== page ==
The big thing for me here is that you seem to be doing calculations and summaries in your queries. Personally I would not do this on a large data set because as you’re experiencing it will be very slow.
You should look to simplify what you need from your core Sales table and then do any the calculations using DAX measures. This is the most optimized way to do things in Power BI.
I’m sure you Sales table doesn’t need to be that wide (or have that many columns). It’s just about getting the table as optimized as possible and possibly doing a bit of work with SQL as you bring it into your Power BI model.
When a query is loaded to the report, it will always be evaluated in isolation. It may also be evaluated by different processes, so it does not form a dependent tree structure.
PowerQuery evaluations keep a cache of data seen by evaluations on disk. So if you are within the same cache session and pulled on multiple times, you will only pay for it the first time.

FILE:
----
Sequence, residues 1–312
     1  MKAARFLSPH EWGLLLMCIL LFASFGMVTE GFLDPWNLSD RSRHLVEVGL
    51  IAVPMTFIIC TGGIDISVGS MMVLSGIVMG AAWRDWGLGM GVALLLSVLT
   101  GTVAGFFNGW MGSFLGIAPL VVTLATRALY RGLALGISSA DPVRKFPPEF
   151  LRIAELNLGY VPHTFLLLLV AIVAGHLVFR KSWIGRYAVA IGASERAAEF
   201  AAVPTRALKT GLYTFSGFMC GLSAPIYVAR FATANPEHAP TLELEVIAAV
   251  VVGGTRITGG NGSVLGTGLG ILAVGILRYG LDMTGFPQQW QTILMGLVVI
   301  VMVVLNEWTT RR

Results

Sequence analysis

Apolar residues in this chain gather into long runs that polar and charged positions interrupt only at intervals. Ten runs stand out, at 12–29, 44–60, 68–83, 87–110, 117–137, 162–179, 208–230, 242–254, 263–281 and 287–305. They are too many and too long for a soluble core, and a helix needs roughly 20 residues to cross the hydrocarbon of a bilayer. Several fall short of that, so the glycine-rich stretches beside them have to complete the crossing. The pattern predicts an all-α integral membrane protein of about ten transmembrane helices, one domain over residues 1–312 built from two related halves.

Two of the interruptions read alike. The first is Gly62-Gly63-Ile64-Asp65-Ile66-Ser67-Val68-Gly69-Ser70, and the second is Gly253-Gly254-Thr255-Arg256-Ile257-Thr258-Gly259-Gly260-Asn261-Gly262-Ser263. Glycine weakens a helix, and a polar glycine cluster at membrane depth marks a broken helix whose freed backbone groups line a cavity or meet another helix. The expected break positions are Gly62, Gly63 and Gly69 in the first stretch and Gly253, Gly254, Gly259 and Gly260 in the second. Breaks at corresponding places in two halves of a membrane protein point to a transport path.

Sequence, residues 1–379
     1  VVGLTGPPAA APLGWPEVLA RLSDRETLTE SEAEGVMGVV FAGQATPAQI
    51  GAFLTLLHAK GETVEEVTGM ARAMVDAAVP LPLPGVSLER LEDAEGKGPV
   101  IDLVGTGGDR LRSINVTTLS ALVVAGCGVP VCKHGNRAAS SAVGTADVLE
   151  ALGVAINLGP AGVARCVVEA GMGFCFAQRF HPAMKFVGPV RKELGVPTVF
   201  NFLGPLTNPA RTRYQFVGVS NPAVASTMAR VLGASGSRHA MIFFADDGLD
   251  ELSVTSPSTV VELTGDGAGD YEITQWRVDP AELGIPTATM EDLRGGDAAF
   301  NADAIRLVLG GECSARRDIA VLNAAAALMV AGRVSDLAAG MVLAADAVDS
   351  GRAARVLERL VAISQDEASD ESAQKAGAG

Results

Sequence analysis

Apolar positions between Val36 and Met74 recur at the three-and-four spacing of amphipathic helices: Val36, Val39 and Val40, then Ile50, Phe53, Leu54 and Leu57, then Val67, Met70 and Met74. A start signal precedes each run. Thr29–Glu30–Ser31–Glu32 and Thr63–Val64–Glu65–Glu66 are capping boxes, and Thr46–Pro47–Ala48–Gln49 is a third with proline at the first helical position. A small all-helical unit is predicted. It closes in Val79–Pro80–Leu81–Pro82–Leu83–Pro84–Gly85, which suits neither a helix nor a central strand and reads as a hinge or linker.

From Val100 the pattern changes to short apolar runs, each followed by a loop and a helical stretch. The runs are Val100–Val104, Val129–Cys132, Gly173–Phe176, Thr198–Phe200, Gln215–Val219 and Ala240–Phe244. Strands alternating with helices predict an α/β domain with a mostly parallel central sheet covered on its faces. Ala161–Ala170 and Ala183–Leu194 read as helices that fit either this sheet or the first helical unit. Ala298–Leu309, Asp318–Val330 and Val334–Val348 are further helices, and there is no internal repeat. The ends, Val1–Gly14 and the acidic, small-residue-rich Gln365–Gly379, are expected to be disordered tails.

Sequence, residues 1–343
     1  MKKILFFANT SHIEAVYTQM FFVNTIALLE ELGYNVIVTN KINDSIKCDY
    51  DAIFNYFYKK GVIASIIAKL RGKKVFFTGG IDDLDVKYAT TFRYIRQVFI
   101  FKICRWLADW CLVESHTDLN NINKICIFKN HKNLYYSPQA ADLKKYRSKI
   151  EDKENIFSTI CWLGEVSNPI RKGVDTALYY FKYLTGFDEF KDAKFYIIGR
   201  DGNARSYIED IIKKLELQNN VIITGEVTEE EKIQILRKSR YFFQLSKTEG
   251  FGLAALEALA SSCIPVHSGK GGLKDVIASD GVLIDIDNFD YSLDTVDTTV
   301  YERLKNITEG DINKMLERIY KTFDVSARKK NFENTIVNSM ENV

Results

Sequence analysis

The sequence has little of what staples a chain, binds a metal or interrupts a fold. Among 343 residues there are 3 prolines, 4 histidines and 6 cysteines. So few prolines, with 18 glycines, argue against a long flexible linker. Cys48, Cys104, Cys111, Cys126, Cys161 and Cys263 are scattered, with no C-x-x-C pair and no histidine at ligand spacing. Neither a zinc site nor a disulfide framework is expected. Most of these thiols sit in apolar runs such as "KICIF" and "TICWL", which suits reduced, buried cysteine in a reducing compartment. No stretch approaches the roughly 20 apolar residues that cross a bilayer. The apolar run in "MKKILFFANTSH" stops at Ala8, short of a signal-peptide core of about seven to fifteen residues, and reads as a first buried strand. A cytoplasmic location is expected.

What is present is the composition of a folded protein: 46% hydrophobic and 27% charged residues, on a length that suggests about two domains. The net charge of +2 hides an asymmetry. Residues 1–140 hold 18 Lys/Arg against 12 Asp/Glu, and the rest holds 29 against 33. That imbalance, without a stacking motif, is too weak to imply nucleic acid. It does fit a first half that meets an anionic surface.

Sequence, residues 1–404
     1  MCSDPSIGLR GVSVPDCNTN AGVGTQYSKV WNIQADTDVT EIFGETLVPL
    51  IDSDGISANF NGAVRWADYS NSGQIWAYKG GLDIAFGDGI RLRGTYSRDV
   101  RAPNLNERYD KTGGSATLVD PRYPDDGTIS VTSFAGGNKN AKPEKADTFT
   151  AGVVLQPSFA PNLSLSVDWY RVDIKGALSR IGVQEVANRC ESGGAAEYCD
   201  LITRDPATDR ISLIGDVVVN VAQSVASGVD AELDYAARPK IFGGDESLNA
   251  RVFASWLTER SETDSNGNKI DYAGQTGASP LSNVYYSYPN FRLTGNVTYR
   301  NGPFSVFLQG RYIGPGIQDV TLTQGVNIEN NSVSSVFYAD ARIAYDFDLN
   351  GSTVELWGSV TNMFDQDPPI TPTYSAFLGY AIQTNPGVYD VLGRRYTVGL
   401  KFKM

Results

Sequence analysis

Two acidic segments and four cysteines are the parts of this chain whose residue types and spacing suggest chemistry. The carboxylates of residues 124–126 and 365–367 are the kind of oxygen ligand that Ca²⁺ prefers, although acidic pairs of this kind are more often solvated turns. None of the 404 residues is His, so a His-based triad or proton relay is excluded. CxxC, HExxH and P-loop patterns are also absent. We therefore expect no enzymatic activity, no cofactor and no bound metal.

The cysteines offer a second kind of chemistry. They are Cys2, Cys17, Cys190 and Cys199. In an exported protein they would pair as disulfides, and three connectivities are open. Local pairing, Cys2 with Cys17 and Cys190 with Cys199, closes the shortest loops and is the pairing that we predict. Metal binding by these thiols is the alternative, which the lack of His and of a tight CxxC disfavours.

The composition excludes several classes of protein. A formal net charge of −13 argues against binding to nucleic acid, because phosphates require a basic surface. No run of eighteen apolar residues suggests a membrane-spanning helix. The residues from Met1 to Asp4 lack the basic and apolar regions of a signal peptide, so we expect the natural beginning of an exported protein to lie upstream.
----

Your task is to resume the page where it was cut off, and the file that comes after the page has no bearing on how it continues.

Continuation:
This cache only applies to raw data coming from the data source, any additional transformations will need to be performed on top of it.
Each loading session is a new cache session since you always want the latest data when you load queries to report.
So you will only need to pay for the data coming from data source once per loading all of the queries. But you will need to pay for the transformations on top of that.
With the situation you have there, DirectQuery can help with the performance. You always operate on the remote data source with DirectQuery and never keep a local copy of the data.
So there isn’t a “loading” phase and you will pay for the data as the visuals need them.
Hopefully this gives you some background.
Check out many ideas in this course module for optimizing your queries and tables.